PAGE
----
Rivers and Lakes of Western and Southern Europe
Rivers and Lakes of Western Europe. The majority of West European rivers rise in the mountains. In their upper reaches they rush swiftly downwards amidst the rocks in the narrow valleys, forming numerous rapids and waterfalls. Much silt is carried by the swiftly moving water, and the smaller stones are rolled onward from place to place.
Fig. 31. The 'Iron Gates' on the Danube. It is planned to build a hydroelectric power-dam here.
Such rivers are rich in water-power and are especially suitable sites for hydroelectric power-stations. Upon leaving the mountains the currents slow down, depositing silt and sand on (he riverbeds. Owing to the mildness of the West European climate the rivers freeze for only a short period of time in winter; many of them do not freeze at all. During the spring thaw the water-level rises. In summer they swell with the water received from rain and melting glaciers and are never so shallow as the rivers of Eastern Europe. The constancy of the water-level in most of the West European rivers creates favourable conditions for navigation.
Western Europe's longest river is the Danube (2,500 kms.). It rises in a range of low hills in the centre of Western Europe. In its upper reaches it is joined by several rapid tributaries from the Alps, after which it crosses the Central Danubian Plain, where it takes in its largest tributaries. It now cuts through deep canyons between the Carpathian and Balkan Mountains, rushing past towering cliffs (Fig. 31).
Fig. 32. The middle course of the Rhine. The steep banks are dotted with villages and towns
From its lower reaches the Danube flows calmly across the Lower Danubian Plain, where it takes in a few tributaries from the Carpathians. It broadens and slows down. There appear numerous sandbanks and sand-islets. In winter the Danube in these places is frozen for bout a month and a half. In spring it overflows its banks and floods large areas. In summer it turns shallow, like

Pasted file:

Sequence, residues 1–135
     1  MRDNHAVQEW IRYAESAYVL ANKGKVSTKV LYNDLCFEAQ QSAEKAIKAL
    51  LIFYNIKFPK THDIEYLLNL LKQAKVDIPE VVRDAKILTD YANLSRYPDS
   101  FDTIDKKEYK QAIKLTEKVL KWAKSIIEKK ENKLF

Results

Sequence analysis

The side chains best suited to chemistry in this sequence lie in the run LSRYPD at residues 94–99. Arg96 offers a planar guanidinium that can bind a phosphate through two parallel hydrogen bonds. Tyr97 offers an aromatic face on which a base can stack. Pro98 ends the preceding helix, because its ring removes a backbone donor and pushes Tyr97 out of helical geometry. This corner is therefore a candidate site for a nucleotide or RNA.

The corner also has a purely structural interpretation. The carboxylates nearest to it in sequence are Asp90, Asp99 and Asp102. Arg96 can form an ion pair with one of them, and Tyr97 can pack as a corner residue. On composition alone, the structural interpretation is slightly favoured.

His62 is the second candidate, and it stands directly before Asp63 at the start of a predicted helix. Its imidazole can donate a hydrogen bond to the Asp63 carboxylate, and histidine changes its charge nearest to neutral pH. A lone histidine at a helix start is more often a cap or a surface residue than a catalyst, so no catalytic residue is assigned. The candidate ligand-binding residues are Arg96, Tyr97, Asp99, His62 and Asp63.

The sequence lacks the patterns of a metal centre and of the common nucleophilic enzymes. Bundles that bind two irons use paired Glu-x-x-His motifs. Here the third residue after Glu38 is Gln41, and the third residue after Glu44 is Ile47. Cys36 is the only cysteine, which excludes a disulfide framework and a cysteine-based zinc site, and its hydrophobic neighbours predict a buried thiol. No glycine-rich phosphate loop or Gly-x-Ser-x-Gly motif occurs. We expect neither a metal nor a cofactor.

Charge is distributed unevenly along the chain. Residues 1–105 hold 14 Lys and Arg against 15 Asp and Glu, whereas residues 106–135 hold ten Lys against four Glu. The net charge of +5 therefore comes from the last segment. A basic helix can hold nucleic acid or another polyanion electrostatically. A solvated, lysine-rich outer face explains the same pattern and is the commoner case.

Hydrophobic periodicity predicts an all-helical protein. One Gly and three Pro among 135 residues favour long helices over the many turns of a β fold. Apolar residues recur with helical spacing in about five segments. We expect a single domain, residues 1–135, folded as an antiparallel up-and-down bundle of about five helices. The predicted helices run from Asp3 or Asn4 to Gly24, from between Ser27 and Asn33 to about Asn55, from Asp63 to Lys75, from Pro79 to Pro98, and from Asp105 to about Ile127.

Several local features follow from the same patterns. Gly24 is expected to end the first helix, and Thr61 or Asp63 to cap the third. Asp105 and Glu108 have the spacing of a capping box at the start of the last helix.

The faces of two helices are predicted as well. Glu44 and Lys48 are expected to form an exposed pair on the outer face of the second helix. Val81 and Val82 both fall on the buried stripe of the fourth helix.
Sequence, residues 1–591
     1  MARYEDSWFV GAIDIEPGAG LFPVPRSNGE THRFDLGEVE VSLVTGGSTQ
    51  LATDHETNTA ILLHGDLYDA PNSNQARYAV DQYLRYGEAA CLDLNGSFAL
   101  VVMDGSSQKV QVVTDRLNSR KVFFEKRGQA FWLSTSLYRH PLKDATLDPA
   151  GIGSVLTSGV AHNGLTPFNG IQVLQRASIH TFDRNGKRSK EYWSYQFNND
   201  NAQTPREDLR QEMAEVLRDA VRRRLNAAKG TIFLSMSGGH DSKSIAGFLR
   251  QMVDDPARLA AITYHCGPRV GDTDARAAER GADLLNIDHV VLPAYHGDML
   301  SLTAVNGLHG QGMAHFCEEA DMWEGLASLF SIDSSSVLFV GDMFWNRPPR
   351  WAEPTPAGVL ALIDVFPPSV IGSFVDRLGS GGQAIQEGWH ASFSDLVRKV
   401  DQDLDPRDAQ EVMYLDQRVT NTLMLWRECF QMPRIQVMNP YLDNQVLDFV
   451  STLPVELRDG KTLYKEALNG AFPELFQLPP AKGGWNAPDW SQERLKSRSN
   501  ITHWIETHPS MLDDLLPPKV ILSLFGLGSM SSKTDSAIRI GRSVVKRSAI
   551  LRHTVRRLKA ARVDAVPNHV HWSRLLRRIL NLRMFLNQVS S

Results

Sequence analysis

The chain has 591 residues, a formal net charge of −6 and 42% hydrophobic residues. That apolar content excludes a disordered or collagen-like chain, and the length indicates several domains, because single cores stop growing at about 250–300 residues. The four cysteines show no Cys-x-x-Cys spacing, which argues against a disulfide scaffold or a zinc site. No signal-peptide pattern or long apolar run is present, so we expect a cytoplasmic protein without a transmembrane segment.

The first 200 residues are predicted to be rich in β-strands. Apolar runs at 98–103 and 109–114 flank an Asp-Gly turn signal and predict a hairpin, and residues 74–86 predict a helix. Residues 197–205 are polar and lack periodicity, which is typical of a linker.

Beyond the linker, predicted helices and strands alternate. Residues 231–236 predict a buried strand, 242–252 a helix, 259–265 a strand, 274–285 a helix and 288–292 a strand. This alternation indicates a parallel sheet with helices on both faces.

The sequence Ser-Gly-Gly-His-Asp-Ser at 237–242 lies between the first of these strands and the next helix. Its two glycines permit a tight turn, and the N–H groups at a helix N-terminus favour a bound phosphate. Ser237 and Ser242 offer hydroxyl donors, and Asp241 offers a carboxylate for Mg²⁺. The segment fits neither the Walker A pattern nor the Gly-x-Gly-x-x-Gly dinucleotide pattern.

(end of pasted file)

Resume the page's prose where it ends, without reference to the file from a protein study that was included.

many of the rivers of Eastern Europe. It forms a marshy delta at its estuary containing islands that are covered with water during flood-time and, divided into three branches, empties its waters into the Black Sea.
Most of the other large rivers of Western Europe flow northward into the Baltic and North Seas. The Vistula and Oder (Odra) fall into the Baltic Sea, the E1be (Labe) into the North Sea. These rivers freeze for from two to three months in winter and overflow in spring.
Fig. 33. Lake of Geneva at the western foot of the Alps.
The Vistula forms a delta. The Oder and Elbe have mouths broad enough for seagoing vessels to enter.
The Rhine, Western Europe's second longest river, also flows into the North Sea. It rises in the Alps and in its upper course is fed by the melting snow and glaciers of the mountains. Floods occur only in summer, therefore. Its way lies through a beautiful valley amidst low mountains, whose lower stapes are covered with vineyards and orchards (Fig. 32). Here it receives a considerable amount of rainwater and is joined by a number of tributaries on either side. After leaving the mountains it continues across a lowland and, upon falling into the North Sea, divides into several branches forming a delta. The Rhine is high-watered all the year round. It freezes in winter where the current is slower, but not longer than for a month.
The Seine pours its waters into the English Channel. This is a deep though not very long river. It is free of ice in winter, and its level of water is quite constant throughout the year, owing to abundant and regular rains.
Many of the rivers of Western Europe are connected by canals.
There are a number of large lakes at the foot of the Alps, and through them mountain rivers flow. The blue glassy surfaces of the lakes and the surrounding mountains with their rich vegetation are very beautiful and attract many tourists.
Fig. 34. Rivers of Europe
There are numerous resorts along the shores. The largest among these lakes is Lake Geneva
Rivers of Southern Europe. The short rivers of Southern (Mediterranean) Europe are distinguished by the peculiarity of their features. They overflow violently in winter during the rainy season and flood large areas, causing great devastation. Rushing down the mountains, they carry with them great quantities of clay, sand and stones, which they deposit in the lower reaches. During the hot summer these rivers grow shallow, many of them drying up to such an extent that their beds are left waterless. Owing to these variations in their depths, most Mediterranean rivers are unsuitable for navigation and hydroelectric power-stations.
There are many large lakes on the Scandinavian Peninsula. The rivers contain many rapids and are, therefore, rich in water-power.
Five rivers and their tributaries are shown on the diagram. The shaded spots represent the seas these rivers fall into.
Questions and Assignments.
- Compare the Danube and Rhine and point out their differences.
- Which rivers, tributaries included, are depicted on the sketch
- Trace on the outline map of Europe:
a) the basin of the Baltic Sea (the entire area drained by the
rivers on their way to that sea);
b) the basin of the North Sea.
Which of these basins is larger?
4. Mark and name on the outline map the rivers and lakes of
Europe that you have studied (number the lakes and make marginal
notes of their names).